Starting October 1st, unless the date gets pushed back, fishermen surfcasting - and bay casting, for that matter - will be required to carry fishing licenses under new regulations from the New York State Department of Environmental Conservation.
The system is wildly complicated. After multiple visits to the DEC's website (you know you have it bookmarked at work..) and an email to their public affairs department, I was assured that permits will be needed for my simple strip of beach and others beginning October 1st. The charge is $19 for the year, which is reasonable. What I'm not happy about (and I'm sure others will object to, as well) is that licenses issued for October 1st will only be valid through December 31, 2009. They run on calendar years only, not 12-month periods. So, this year I'm paying $19 to legally fish for three months (cold ones, too) and on January 1st if I plan on getting a nice New Years morning hungover fish session in, I'll need to shell out more cash. Literally. It's $29 for next year, supposedly.
The right thing to do here - don't start the permits until January 1st. Money is tight. Fishermen aren't rich. There's no need for this right now, at October 1st. Why put a bad taste in the mouth of fishermen right off the bat like this? Starting them in October and asking people to pay the full year's fee for only three months is just unfair.
Permits aren't a bad thing, but the DEC had better be prepared for much backlash. Not only is the website that attempts to provide info on the licenses WILDLY complicated (do I need a fishing license or a marine fishing license?) but the D.E.C.A.L.S. website that allows you to purchase your permit is also absurd. I had just about sent a second email to the DEC when I realized that I did not need to already have had some kind of experienced hunter/trapper certificate in order to get a fishing license. I don't have a problem with buying a permit. Serious fly fishermen have gladly purchased permits for a longtime, but they see the immediate results of their money each year or several times a year when their streams are stocked.
According to the DEC website, revenue brought in from permit sales will go into the "Marine Account," part of the Conservation Fund which benefits the care, management, protection and enlargement of fish and shellfish. Other monies from lifetime permits (on sale for between $150-$400, depending on the permit) go into a Fish and Game trust account.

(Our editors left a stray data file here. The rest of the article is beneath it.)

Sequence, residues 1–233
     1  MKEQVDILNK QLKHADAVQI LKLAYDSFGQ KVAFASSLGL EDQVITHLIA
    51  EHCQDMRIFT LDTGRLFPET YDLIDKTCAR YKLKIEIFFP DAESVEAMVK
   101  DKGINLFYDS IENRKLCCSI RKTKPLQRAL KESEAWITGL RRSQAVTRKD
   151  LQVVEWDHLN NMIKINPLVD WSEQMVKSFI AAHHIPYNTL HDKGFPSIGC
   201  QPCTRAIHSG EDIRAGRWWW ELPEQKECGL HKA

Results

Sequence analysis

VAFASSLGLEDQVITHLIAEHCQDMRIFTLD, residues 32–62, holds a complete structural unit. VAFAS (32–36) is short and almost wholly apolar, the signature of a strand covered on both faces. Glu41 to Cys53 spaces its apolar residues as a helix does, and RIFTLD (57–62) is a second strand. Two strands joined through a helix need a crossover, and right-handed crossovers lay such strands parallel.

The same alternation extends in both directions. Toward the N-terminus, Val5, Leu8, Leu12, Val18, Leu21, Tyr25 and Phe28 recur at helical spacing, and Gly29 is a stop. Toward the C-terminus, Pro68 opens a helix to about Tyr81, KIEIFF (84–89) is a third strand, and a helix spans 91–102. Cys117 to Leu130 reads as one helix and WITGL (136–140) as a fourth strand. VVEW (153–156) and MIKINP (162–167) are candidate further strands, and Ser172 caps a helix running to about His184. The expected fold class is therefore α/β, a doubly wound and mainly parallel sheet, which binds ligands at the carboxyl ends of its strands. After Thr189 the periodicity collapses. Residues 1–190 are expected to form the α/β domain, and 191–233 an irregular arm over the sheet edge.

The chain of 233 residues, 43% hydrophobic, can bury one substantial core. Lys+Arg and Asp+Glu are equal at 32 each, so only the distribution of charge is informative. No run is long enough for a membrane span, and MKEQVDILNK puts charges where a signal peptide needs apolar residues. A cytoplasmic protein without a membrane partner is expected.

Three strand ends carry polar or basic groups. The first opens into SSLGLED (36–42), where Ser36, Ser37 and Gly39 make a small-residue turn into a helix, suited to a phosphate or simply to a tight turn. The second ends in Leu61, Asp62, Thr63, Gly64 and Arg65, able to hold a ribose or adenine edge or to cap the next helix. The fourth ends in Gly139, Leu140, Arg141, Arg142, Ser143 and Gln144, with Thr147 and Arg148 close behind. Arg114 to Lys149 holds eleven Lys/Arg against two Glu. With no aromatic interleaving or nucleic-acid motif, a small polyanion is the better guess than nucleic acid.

Officials on Long Island are already opposed to the permits, and they say that this whole issue was brought up in a sneaky way, too. The permit decision was a proposal adopted by the state budget, not a separate piece of legislation. New York State Assemblyman Fred W. Thiele, Jr is opposing this. The permits are strictly revenue-raising devices, Theile says, and the Conservation Fund "will not specifically benefit any marine fisheries programs or the region of the state most affected by the legislation." Theile goes on to predict that the revnue would "do nothing but cover existing costs in the state’s Department of Environmental Conservation, rather than be used to better the state’s marine and coastal districts."
My opinion? So what if I have to pay a fee each year to fish? I'm the one that enjoys the privilege of fishing, maybe I should be the one that pays for that privilege. Permits will separate the men from the boys, or the women from the girls, if you'd like. They're doing it in other states this year, too, for the first time. I recently purchased (for $11) a temporary South Carolina fishing license online.
Also, I predict heavy DEC checking following October 1st. I'd hope they would only issue warnings first.
DEC: Come on, shape up your website and get your act together with where the funding is going. Keep it simple. What's the deal?
FYI: I haven't made my purchase just yet, but this page shows the permit I'll be getting, not some other $10 permit which I thought I could get away with.